The Sydney Photographer Cornering the Escort Promo Shot Market
People try and explain away the role sex plays in art, but are we really just holding out to see tits?
Photographer Bradley Scott takes pictures of sex workers. Sometimes it's for his own work and sometimes it's for their own promotional websites. Not surprisingly the images are heavy on sex, nudity, and general adult themes. When I first viewed his shots they suggested another Terry Richardson wannabe. But maybe that's kind of the point. Richardson makes expensive coffee table books that dudes jerk off to. His pictures are the product of a bare fantasy—sex that is as removed from gentle copulation as you can get. It’s about separating the body from the brain. Bradley Scott, whether by accident or design, bypasses the bit where he transforms the model into the subject. By photographing sex workers he addresses the fantasy directly. People try and explain away the role sex plays in art, but are we really just holding out to see tits? Bradley thinks so, and he skips all the faux-intellectualism to get there.
Talking to Bradley on the phone, you have to give him credit for his frankness. He doesn’t sentimentalise his subjects or try paint them as fragile victims of a man’s world. They’re women who get paid for sex being paid to have their picture taken. And then there are the times where it's him working for them because, after all, everyone is just trying to get paid.
VICE: Tell us about this side of your work.
Bradley Scott: I shoot sex workers. Sometimes I shoot it for myself—or sometimes they pay me to shoot and they’ll use it for their websites and things like that. I usually get referred on from other sex workers or spend the day trolling sex worker websites trying to find girls who look interesting.
Why sex workers?
Because they’re cool and open to doing what I want them to do. They seem to see the artistic side and the human side of sex—it’s not a taboo. Sex is sex and they do it for a living so they can see the other side of it, it’s not just porn.
Also—I’m going to sound like a dick—but I wanted to see tits. I wanted to see naked girls. I wanted to shoot naked girls. The girls at the modelling agencies, they’ll get naked, but for the right photographer. And at that stage I wasn’t that guy. I wasn’t someone who could just say, "cool take your top off” and they would trust me because I’d never had that experience. There’s something about sex workers that’s kind of interesting and made me want to shoot them.
It’s easy to look at this and see a Terry Richardson or Richard Kern runoff. What makes your work different from the sexualised photography trend that’s everywhere at the moment?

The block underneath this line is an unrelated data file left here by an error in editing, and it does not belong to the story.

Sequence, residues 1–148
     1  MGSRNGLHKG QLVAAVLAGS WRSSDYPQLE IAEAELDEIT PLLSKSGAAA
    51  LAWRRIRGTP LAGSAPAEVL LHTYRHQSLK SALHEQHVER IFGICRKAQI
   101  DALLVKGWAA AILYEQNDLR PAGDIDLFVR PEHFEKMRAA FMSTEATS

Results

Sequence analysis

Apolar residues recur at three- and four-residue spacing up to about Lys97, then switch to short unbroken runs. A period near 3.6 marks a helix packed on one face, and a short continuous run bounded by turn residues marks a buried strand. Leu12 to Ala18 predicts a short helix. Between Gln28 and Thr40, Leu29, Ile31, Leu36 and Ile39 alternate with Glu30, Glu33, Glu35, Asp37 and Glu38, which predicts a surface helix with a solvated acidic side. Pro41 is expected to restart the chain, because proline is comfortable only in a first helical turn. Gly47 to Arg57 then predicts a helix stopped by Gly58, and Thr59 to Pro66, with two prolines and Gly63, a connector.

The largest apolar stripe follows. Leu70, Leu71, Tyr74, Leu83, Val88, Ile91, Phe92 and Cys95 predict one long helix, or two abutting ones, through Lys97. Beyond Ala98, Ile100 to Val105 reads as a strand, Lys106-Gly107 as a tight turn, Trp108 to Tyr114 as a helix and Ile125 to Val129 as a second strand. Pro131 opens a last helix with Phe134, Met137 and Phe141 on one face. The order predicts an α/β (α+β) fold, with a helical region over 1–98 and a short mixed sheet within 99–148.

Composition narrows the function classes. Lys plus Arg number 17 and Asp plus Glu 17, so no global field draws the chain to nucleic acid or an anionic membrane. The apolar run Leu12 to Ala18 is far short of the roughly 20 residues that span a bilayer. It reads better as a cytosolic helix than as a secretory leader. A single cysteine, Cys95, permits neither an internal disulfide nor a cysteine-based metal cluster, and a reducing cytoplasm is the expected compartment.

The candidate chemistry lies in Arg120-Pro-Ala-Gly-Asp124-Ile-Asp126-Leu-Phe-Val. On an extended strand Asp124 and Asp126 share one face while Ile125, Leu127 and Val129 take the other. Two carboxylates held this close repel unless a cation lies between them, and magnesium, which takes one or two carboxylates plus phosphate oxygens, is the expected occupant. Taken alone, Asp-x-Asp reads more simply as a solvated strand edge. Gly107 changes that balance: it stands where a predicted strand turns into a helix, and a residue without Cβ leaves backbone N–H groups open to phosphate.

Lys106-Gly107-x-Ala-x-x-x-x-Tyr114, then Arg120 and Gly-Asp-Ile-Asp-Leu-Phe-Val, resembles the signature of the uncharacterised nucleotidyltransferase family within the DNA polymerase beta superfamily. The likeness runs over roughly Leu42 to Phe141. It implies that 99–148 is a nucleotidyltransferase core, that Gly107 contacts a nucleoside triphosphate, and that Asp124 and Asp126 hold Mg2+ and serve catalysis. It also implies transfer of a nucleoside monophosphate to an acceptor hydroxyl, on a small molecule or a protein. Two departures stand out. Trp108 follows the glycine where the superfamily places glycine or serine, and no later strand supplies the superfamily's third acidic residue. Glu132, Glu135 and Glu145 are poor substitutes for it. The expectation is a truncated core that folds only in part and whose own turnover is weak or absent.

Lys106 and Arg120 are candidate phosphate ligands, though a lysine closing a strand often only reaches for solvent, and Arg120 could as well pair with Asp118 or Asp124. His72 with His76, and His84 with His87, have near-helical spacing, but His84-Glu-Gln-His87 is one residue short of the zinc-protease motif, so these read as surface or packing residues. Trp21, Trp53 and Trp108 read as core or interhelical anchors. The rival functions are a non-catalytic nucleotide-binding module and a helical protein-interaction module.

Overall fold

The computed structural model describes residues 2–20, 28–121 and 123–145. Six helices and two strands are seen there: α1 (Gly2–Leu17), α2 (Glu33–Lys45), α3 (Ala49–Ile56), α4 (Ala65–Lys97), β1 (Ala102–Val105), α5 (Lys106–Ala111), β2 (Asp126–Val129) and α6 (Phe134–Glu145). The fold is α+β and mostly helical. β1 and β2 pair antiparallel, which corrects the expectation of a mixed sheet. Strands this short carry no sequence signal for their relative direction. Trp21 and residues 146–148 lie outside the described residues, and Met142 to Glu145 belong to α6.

A lot of people make that comparison. In some ways I take reference from both of them. I don’t know, I hope I bring something more of myself into it. It’s more intimate than just sexualised fashion pictures. I go in there with the intent to create images that relate to me or of something that’s happened to me, I just capture that. I hope there’s some kind personal thing in there that people can see.
How did you get this job?
I have no idea. I moved to Sydney from Perth and I was just like, fuck it, I’m gonna see if I can work this out. I emailed a couple of sex workers and showed them my earlier stuff, like my fashion stuff and all my other photography, and just told them I wouldn’t charge them and they’d get all the photos. One said yes, I just built it off of that.
Are you different on shoots now?
Maybe. I mean I think I can talk to people a lot easier now, and I can judge how someone’s feeling a lot easier that I’ve done a lot of this work. I can get a sense of what’s cool and what’s not cool and what I will and won't be able to get.
In the past you've interviewed a number of renowned war and documentary photographers for VICE, including Tim Page and Stephen Dupont. How does this side of your work relate to their kind of output?
I could probably make up some bullshit about how sex and war are related and how the battle inside myself regarding women and relationships is that of a war zone but that wouldn't be true. I interviewed those guys because I wanted to show their talent to the readers of VICE. Their work inspires me of course, and i've learned many things from them; they're my friends, but i don't think you can really compare our separate works alongside each other.
Are you the go-to guy for sex worker promo shots?
I wouldn’t say I’m the go-to guy. I get referred on a lot but nah, I’d say I’m good at it but I’m not the best at it. I just do what I do.
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